Everything in the news seems to be hyperventillation about politics.  What is worse, it seems to be about trivia that have little or nothing to do with the world wide economic problems, or about trying to fix them. (e.g. a friend on facebook dissing Ryan’s marathon speed instead of the details of his budget).

So I flee to history for escapism, taking advice from Robert Frost:


So when at times the mob is swayed
To carry praise or blame too far,
We may choose something like a star
To stay our minds on and be staid. 

So I go to my inbox with today’s podcasts, which include the daily prayer from a Catholic website, usually psalms and readings.

That is a good way to “choose something like a star” as I can think of.

Today is the day of Gregory the Great, a educated Roman who fled to a monastery in the troubles of the late 500’s and ended up as Pope instead. I always enjoy reading Gregory, whose prose seems a bit more practical and down to earth than a lot of the more mystical saints.

Take this snippet for example: if you think you have problems, consider how he sees his job.

I am forced to consider the affairs of the Church and of the monasteries. I must weigh the lives and acts of individuals. I am responsible for the concerns of our citizens. I must worry about the invasions of roving bands of  barbarians, and beware of the wolves who lie in wait for my flock. I must become an administrator lest the religious go in want. I must put up with certain robbers without losing patience and at times I must deal with them in all charity.

Heh…sounds like the Philippines, where not only do our bishops have to help care for folks in local disasters, but the big shots that our bishops have to “put up with” are robbers, I mean honest men who just want ten percent of the contract as a gift.

So the next time you think the modern world has problems, consider all the trouble Gregory had to put up with, from caring for the aftermath/depopulation from the Plague of Justinian (540) to the invasion of the Lombards…

A lot of folks just gave up and fled to the cities, where alas there were no jobs, so the result was slums full of refugees and poor with only limited ways to care for them.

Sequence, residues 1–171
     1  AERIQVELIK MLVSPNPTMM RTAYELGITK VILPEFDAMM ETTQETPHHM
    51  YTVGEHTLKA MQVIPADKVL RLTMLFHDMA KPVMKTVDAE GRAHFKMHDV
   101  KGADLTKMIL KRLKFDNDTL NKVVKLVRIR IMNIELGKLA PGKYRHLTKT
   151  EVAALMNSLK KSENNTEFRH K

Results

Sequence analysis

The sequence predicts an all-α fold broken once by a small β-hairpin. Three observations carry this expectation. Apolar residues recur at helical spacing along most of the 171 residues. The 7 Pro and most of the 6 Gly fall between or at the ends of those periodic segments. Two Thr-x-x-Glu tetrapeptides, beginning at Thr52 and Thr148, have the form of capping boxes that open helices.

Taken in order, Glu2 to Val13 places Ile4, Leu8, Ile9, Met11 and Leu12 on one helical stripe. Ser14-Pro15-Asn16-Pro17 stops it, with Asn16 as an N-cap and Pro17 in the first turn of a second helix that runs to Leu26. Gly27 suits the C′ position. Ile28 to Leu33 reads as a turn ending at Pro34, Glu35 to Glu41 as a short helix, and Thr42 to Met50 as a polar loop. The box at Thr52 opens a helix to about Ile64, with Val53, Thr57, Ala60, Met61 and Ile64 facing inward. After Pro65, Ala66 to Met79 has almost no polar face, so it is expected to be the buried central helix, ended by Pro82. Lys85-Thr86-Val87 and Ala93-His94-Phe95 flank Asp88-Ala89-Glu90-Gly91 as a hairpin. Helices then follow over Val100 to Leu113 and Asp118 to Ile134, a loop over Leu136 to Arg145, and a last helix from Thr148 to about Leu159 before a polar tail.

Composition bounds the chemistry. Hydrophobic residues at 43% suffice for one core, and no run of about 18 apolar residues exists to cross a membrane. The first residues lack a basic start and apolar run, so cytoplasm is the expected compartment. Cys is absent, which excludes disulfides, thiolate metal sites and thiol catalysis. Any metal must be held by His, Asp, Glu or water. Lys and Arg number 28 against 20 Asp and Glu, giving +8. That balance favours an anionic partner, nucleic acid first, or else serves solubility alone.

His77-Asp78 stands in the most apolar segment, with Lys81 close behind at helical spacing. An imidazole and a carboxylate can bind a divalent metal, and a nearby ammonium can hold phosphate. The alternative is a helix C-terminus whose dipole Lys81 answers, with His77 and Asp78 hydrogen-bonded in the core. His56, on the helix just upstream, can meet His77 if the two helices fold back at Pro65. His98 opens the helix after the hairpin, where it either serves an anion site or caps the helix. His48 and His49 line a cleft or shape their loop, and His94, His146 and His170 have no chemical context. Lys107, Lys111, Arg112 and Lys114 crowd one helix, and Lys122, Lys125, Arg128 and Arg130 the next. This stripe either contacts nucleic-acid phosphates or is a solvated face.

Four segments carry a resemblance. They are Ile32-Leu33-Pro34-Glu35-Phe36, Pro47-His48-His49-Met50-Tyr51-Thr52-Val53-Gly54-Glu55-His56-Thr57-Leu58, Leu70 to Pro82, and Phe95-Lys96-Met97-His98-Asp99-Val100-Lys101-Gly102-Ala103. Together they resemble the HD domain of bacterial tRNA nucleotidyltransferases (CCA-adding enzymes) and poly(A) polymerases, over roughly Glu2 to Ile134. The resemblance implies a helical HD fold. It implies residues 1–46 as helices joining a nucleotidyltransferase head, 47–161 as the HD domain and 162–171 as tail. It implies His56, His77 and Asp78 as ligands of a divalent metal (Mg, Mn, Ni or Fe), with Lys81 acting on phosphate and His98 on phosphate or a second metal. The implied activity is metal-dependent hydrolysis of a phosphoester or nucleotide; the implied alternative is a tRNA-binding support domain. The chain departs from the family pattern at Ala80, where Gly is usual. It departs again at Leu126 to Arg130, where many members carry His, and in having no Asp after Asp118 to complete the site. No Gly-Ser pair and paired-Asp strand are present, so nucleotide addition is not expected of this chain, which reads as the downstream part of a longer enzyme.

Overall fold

Back then, Constantinople was supposed to be in charge, but they had their own problems so weren’t much help. (From Wikipedia🙂

In 590, Gregory could wait for Constantinople no longer. He organized the resources of the church into an administration for general relief.  In doing so he evidenced a talent for and intuitive understanding of the principles of accounting, which was not to be invented for centuries…

Gregory began by aggressively requiring his churchmen to seek out and relieve needy persons and reprimanded them if they did not….The church now owned between 1,300 and 1,800 square miles (3,400 and 4,700 km2) of  revenue-generating farmland divided into large sections called patrimonia. It produced goods of all kinds, which were sold, but Gregory intervened and had the goods shipped to Rome for distribution…

Distributions to qualified persons were monthly. However, a certain proportion of the population lived in the streets or were too ill or infirm to pick up their monthly food supply. To them Gregory sent out a small army of charitable persons, mainly monks, every morning with prepared food.

the bad news is that he did the job so well that the locals no longer looked to Constantinople for help or civil leaders to run things,  so the Popes ended up running civil affairs during the “Dark ages”, which eventually led to wealth and the Borgia popes (and the reformation).

If you never heard about Gregory, it is because the Borgias were a better story for our jaded world.

On the other hand, blame Gregory for the fact that most Catholics in the US and Europe support the organized “welfare state” rather than mere alms-giving to beggars (which often misses the very poor who don’t or can’t beg)…

So the Democrats, with their welfare state ideas, are the ones most compatible with Christian ideals.

Or maybe not. Let’s look at some of the nuances.

Gregory’s experience with a distant federal government in Constantinople led to two other ideas in Catholicism:

First, the idea of subsidarity (that the family or the most local government/church should care for problems, only asking for distant help when they are overwhelmed)

And second, the idea that caring for the poor is the duty of the church.